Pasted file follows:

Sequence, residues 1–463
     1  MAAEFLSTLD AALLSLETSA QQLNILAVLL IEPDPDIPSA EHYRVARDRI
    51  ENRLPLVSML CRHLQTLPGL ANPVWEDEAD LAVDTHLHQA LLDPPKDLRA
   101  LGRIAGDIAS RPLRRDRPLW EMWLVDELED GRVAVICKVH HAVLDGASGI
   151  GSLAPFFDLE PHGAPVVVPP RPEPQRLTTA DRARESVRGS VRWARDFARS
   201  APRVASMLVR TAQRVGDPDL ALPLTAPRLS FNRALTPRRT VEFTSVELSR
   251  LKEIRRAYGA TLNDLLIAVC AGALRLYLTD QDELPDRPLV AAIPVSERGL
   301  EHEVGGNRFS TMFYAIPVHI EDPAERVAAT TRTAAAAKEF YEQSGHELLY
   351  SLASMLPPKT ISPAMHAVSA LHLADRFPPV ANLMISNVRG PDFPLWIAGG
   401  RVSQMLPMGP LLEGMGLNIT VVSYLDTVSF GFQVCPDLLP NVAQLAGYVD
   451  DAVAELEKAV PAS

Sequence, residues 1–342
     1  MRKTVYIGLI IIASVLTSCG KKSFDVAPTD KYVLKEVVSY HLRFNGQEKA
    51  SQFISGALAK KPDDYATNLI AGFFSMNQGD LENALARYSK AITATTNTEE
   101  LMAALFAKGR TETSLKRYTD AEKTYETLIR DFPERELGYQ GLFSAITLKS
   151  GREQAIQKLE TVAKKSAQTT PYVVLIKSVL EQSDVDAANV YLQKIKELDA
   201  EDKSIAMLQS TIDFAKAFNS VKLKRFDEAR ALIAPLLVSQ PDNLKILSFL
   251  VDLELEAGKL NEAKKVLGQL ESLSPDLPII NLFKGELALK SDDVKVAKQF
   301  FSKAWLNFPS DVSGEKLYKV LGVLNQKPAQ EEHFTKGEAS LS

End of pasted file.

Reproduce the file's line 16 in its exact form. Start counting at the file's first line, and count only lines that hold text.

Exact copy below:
   151  GREQAIQKLE TVAKKSAQTT PYVVLIKSVL EQSDVDAANV YLQKIKELDA